But never by actual Chinese governments. I think the Shougang riots in Guangdong are the catalyst for this and I wonder what Rebiya Kadeer's people were saying about that incident. I've not been able to check this in detail but I think the Party apparat in Xinjiang cleave to Hu's own CYL faction in the Party, which may be why he's in such a hurry to get back. That's te second time his proteges have screwed up in a major way after Tibet last year.

"...has anyone seen any account of the role of mosques or the Moslem clergy in these events? "

Given the way the mosques are controlled in China, I'd imagine very little. Hui Muslims were also attacked by the Uighurs, as they were by Tibetans last year. In both places they have the reputation of being ultra-loyalist to China. Religion here is a subset of ethnic identity.


dsquared - there's a slight difference in that your classic Asian anti-Chinese riot (as in Indonesia) has something of the pogrom about it - by which I mean tacit support or non-interference by security forces - and that certainly hasn't been the case here.

In fact, I'd argue the other way: the safety valve in this case is the Han violence against the Uighurs. The whole thing is supposed to have been kicked off by an anti-Uighur riot in Guangdong, and there seems to be a slight difference in the treatment of the Han, who are freely parading in hundreds with spears and clubs, and the Uighurs, who are being flattened by the PSP and the PLA. Better the Han beat up Uighurs when they feel hard done by than local Party officials.

Remember that the Han are, from the Uighur point of view at least, not the sort of "clever-with-money clannish minority" - the "Jews of Asia", they've been called - that they're seen as in other Asian countries. They're the incomers - they're a majority in Xinjiang IIRC - brought in explicitly as an instrument of social dominance and control into a recently acquired and fractious province.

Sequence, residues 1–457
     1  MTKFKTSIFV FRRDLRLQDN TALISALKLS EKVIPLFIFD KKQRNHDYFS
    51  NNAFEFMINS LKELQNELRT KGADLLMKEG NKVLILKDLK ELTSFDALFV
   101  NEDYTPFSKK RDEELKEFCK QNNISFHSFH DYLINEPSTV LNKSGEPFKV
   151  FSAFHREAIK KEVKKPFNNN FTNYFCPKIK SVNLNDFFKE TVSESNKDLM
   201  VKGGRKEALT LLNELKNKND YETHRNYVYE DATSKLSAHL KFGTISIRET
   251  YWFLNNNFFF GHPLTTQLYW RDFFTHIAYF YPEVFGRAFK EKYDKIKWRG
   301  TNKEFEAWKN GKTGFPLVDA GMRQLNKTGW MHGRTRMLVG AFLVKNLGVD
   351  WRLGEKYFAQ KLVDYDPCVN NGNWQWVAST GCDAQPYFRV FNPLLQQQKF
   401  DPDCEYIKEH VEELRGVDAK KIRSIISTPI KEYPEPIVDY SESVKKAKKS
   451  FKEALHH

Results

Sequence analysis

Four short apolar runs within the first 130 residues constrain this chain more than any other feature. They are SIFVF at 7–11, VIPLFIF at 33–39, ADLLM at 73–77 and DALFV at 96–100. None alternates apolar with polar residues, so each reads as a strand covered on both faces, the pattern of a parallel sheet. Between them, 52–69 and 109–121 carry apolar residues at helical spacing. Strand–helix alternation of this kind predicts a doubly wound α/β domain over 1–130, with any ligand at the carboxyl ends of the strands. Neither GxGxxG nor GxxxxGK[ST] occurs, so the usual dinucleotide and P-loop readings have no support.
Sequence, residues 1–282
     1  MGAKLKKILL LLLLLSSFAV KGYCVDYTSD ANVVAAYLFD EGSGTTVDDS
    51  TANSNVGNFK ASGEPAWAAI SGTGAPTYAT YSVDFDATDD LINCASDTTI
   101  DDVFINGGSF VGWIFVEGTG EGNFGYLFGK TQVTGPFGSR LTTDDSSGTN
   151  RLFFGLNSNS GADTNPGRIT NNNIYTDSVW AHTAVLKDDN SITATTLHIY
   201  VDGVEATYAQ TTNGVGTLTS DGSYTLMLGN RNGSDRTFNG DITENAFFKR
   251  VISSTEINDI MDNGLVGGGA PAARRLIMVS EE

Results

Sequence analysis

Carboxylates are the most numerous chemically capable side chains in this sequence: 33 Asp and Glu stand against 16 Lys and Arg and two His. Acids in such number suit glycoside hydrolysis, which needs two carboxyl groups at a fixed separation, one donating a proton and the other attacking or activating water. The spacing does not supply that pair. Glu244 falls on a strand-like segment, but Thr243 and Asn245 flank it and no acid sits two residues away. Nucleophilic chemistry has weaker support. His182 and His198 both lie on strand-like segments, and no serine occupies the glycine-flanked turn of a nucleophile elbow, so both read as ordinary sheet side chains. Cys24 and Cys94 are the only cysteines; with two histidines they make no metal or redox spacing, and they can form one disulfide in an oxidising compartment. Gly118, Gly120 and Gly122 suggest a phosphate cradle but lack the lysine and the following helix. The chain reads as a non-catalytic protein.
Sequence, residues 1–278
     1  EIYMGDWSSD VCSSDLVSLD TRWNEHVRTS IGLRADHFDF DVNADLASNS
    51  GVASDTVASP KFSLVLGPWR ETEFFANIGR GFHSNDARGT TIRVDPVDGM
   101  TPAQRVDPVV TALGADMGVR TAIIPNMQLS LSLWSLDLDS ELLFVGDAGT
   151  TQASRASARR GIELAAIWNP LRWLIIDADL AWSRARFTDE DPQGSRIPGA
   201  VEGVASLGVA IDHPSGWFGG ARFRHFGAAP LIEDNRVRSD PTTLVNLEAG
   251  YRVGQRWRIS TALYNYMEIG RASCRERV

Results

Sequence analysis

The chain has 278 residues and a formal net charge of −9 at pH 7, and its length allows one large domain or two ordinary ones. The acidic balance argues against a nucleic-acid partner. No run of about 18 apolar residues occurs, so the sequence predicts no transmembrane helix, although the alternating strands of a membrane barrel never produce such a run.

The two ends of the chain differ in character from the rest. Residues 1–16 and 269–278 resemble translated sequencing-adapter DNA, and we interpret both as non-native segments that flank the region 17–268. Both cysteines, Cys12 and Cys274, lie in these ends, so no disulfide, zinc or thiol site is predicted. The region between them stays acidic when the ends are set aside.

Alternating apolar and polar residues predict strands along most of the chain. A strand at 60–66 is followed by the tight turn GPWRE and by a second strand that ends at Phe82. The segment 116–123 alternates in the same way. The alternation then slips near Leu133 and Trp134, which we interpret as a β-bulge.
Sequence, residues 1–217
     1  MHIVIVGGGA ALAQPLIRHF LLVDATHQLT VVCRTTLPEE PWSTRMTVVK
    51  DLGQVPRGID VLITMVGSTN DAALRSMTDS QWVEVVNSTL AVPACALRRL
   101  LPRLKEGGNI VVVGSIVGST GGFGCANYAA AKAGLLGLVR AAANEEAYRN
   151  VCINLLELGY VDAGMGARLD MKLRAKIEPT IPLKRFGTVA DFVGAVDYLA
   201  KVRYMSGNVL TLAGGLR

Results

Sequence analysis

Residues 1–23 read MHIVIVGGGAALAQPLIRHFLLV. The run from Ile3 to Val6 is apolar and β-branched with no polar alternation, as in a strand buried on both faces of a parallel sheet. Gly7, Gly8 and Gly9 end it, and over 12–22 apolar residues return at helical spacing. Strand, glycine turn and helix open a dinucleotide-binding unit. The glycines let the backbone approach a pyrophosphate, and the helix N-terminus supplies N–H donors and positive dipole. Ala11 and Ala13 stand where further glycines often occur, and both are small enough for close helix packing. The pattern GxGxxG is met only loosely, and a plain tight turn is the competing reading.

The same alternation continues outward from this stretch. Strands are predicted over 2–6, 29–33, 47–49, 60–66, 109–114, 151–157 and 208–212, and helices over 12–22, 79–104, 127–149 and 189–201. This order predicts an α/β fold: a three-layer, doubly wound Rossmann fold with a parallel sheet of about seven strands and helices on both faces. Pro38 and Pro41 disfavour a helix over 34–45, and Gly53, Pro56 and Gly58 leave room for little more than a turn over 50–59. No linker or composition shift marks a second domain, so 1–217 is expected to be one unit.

Better the Han beat up Uighurs when they feel hard done by than local Party officials.

So, essentially classic fascism then? Just take your alienated rage and beat up themmuns over there...

Richard J

I wouldn't call it fascism - more time honoured techniques of riot control on the cheap. What fascism uniquely brought to the mix was the idea that you could start and stop the third force mob on command.


They're the incomers - they're a majority in Xinjiang IIRC - brought in explicitly as an instrument of social dominance and control into a recently acquired and fractious province.

Oh great, Ulstermen.

Richard J

Does that mean we're due the Apprentice Boys of Xinjiang any time soon then?

(BTW, what exactly does MGI stand for...?)


"Mass Group Incident", which is the Chinese term for any large unauthorised gathering. The MGI watch stuff here goes back to 2005. I really shoukd put them in categories sometime.


I wonder what effect the killings are going to have on Han settlement? A lot of the Han population in Urumqi are very recent settlers; for the most part it's not a really long-term, pied noir-esque population. Their links to the region are often relatively shallow, and the extent of the violence - especially if it continues on a smaller backstreet-murder type scale - is going to act as a pretty big deterrent to staying long-term (or coming in the first place.)

I'm waiting on various editorial/authorial shenanigans before we can publish the piece I got from a Xinjiangnese Han writer yesterday (American-educated, liberal, young. From the witnesses she cites and elsewhere, it looks like

a) the rioters were young ('voices cracking as they screamed')
b) the vast majority of the 156 victims were Han
c) the scale and nature of the violence - hands chopped off, beatings of eighty-year old women, teenage girls having their faces slashed, at least one case of a child being killed - is reminiscent of anti-colonial mass violence - 1857 in India, or, perhaps most pertinently, Algeria.
d) there were gang-rapes, which the authorities are avoiding highlighting for obvious reasons (oil on flames)

There's a lot of allegations flying around of the involvement of Muslim fundamentalist groups in inciting the riots, some of which seem at least semi-plausible.

From conversations with Chinese, a lot of anger about the Uighur ('ungrateful for everything we've done'/'get special favours from the authorities'/'dirty thieves') The second part, of course, is true - there are reserved places and other affirmative action type policies, you can have more kids, etc - and the Chinese are largely oblivious to the softer types of ethnic discrimination, and totally oblivious to the idea that Uighur nationalism might have any legitimacy.


Re: dirty thieves - the typical Uighur, from an outside-of-Xinjiang POV, is basically a street-corner spiv. There's no - at least, I can't think of any - prominent Uighur entertainers, businessmen etc that the average Han knows. (The only one there was, of course, got arrested and exiled.)